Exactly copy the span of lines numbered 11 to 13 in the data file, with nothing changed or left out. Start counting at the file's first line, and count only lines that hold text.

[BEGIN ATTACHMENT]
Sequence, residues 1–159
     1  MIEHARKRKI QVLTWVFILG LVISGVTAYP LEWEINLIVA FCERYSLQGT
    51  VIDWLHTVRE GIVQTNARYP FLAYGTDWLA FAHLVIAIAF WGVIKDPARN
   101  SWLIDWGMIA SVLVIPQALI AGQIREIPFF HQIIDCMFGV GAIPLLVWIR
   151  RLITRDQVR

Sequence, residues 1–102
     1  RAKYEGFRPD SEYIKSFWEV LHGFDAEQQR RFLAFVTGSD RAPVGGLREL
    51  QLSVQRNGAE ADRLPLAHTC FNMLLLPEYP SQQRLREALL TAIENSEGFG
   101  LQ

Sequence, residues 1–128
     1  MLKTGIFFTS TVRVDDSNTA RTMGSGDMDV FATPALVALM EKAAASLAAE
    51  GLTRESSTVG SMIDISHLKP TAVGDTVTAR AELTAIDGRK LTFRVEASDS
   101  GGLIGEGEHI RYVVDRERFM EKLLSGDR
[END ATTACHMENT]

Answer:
     1  MLKTGIFFTS TVRVDDSNTA RTMGSGDMDV FATPALVALM EKAAASLAAE
    51  GLTRESSTVG SMIDISHLKP TAVGDTVTAR AELTAIDGRK LTFRVEASDS
   101  GGLIGEGEHI RYVVDRERFM EKLLSGDR